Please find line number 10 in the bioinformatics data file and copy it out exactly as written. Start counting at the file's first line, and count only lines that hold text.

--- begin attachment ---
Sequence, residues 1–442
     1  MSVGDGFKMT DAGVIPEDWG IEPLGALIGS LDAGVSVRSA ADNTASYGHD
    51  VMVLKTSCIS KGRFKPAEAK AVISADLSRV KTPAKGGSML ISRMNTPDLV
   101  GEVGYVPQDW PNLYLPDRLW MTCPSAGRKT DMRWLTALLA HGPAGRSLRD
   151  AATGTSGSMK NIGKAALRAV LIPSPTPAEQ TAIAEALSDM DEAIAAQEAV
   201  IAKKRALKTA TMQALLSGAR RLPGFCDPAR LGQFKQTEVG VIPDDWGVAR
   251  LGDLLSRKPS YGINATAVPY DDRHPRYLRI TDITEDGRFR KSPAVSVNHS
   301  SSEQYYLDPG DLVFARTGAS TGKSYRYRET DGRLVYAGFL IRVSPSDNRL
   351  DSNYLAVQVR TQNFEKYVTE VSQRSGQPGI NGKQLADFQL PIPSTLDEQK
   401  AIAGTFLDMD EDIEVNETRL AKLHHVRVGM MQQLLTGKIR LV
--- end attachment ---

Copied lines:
   401  AIAGTFLDMD EDIEVNETRL AKLHHVRVGM MQQLLTGKIR LV